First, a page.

This Date In Transactions History: March 11

His name is Dan Uggla, and he's celebrating his 31st birthday today.  He was also involved in one of the winter's biggest trades when the Marlins sent him to Atlanta.  Uggla's birthday and his recent appearance on the trade wire combined to inspire the latest edition of This Date In Transactions History…

  • Brian Giles cut his comeback bid with the Dodgers short on March 11, 2010 when he announced his retirement due to nagging knee injuries.  You can make a case for Giles as baseball's most underrated player in recent years — he posted a .902 career OPS (.291/.400/.502) over his 15-year career with the Indians, Pirates and Padres.
  • The Royals signed David DeJesus to a five-year, $13.8MM contract extension on this day in 2006.  The deal contained a $6MM team option for 2011 that Kansas City exercised a month before dealing DeJesus to Oakland.  DeJesus hit .289/.360/.426 during that contract's lifetime and gave the Royals some well-above average defense, especially in left field.  The Royals got that solid performance plus Vin Mazzaro and Justin Marks from the A's, so K.C. received quite a nice return on that $13.8MM investment.   
  • The Yankees released Ruben Rivera under odd circumstances on this day in 2002.  The outfielder was cut during Spring Training for stealing a glove and bat from the locker of teammate Derek Jeter and selling the gear to a sports memorabilia dealer.  Rivera was released after the other Yankee players (including his cousin Mariano) unanimously voted him off the team.  Rivera only had 241 more Major League plate appearances after this incident, though he played for Panama in the 2006 and 2009 World Baseball Classics.
  • Former No. 1 overall amateur draft pick Ben McDonald was dealt from Cleveland to Milwaukee for Mark Watson on March 11, 1998.  Just three months earlier,  McDonald went from the Brewers (along with Ron Villone and Mike Fetters) to the Tribe for a package of Marquis Grissom and Jeff Juden.  McDonald underwent rotator cuff surgery, however, in February 1998 that failed to correct a nagging shoulder problem, so he was sent back to Milwaukee.  McDonald never pitched again, finishing his career with a 3.91 career ERA and a 2.05 career K/BB rate in 211 Major League games.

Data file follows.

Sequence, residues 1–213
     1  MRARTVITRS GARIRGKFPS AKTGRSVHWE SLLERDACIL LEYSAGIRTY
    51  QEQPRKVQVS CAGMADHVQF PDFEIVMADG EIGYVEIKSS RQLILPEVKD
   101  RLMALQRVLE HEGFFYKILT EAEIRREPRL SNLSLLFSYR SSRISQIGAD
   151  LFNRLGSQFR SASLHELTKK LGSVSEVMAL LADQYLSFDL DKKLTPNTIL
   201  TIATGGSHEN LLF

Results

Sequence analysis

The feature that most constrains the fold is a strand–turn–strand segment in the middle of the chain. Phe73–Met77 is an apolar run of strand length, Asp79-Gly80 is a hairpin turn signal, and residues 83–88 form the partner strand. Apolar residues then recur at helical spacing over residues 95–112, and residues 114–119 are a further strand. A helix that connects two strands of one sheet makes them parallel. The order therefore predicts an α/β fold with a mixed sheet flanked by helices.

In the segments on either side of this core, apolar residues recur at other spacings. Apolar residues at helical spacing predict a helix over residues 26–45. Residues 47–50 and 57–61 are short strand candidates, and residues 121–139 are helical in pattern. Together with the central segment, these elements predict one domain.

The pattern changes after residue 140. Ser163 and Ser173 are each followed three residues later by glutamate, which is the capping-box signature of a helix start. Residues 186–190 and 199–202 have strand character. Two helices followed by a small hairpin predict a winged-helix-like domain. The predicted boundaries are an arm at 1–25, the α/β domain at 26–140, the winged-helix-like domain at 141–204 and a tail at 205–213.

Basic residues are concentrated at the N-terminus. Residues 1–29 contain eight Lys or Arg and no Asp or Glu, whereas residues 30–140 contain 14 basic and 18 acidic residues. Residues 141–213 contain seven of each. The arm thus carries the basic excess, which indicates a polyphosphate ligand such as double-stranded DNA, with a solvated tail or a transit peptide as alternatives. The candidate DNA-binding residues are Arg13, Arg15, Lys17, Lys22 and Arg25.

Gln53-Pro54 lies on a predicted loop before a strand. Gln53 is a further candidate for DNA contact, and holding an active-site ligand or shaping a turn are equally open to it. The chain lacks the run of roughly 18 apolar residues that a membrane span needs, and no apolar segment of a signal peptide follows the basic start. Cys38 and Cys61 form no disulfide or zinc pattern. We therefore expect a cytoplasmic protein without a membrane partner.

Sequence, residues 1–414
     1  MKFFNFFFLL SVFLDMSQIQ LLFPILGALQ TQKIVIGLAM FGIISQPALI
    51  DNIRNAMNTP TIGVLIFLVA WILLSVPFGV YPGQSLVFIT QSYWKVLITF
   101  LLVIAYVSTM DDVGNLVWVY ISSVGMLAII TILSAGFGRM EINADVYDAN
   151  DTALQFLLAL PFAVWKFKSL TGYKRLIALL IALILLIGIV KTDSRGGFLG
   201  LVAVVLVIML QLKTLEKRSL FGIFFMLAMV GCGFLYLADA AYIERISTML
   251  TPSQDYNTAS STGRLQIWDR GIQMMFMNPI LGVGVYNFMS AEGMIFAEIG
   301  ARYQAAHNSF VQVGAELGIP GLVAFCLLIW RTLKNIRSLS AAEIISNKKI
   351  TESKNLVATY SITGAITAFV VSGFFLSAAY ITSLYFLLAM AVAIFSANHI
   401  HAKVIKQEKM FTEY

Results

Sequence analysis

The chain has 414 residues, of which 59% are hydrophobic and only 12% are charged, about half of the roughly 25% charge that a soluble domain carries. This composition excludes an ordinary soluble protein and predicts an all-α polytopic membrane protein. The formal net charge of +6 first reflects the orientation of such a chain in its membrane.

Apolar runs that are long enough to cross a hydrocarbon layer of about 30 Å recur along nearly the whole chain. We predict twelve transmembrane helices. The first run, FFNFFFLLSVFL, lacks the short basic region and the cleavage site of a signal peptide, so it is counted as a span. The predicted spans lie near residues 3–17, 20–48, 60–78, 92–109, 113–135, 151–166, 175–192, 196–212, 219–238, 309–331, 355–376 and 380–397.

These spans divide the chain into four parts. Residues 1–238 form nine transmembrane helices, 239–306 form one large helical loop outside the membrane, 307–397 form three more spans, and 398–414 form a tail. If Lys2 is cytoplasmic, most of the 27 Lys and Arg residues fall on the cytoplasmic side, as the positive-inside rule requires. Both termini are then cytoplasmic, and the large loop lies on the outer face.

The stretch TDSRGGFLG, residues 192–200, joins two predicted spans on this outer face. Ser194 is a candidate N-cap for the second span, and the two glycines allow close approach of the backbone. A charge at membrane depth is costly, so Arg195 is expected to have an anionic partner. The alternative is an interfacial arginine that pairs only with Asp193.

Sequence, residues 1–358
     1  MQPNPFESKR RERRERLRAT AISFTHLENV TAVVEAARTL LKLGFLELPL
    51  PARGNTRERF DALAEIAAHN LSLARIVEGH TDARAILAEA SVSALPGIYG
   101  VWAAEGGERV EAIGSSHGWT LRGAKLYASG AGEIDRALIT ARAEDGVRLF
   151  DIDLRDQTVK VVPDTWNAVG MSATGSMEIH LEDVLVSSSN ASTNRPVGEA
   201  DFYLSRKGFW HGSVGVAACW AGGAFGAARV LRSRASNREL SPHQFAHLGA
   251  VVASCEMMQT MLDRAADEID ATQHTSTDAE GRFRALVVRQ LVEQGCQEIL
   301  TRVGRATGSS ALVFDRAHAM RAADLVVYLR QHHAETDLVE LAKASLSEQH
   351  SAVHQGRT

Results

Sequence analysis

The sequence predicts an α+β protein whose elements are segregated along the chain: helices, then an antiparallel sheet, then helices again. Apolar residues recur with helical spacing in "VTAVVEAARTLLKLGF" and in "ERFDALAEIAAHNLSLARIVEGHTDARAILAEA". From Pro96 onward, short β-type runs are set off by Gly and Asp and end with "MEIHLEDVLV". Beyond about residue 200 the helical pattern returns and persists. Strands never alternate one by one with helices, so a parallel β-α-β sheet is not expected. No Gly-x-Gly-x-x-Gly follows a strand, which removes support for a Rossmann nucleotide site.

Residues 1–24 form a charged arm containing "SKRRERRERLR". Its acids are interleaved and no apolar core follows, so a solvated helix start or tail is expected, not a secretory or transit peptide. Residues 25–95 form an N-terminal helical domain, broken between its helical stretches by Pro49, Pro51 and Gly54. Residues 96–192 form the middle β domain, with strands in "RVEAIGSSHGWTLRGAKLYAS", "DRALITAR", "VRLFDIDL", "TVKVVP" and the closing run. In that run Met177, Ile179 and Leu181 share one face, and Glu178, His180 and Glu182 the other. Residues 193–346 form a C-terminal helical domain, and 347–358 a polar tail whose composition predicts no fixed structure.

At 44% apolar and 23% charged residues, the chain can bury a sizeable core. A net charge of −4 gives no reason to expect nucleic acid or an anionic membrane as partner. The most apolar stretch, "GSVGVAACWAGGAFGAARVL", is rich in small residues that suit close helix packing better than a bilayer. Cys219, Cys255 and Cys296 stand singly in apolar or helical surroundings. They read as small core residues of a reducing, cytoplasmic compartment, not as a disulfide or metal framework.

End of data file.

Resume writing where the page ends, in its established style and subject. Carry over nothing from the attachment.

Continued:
• Hall-of-Famer Jim Palmer made his final pitching appearance in an Orioles uniform on this day in 1991.  At age 45, Palmer attempted a comeback and allowed two runs and five hits over two innings in a Spring Training game against Boston.  Palmer announced his final retirement the next day.
  • Between 1955 and 1964, Mickey Mantle averaged a 1.057 OPS for the Yankees.  His only "down year" came in 1959 when he hit .285/.390/.514 with 31 homers.  (To give you an idea of how great Mantle was, compare the worst year of his prime to Brian Giles' very good career numbers.)  The Yankees gave Mantle a $7K pay cut when finalizing his next contract on this day in 1960, whittling his pay for the 1960 season to $65K.  The Mick responded by leading the league in homers, total bases, runs and OPS that year.
  • On March 11, 1901, Hall-of-Fame manager John McGraw tried to sneak a player under baseball's color line by announcing that his Baltimore Orioles had signed "Charlie Tokohama," allegedly a member of the Cherokee Nation.  Tokohama was actually Charlie Grant, a Negro Leagues star.  McGraw's plot was discovered and Grant was prevented from ever playing in the majors. 


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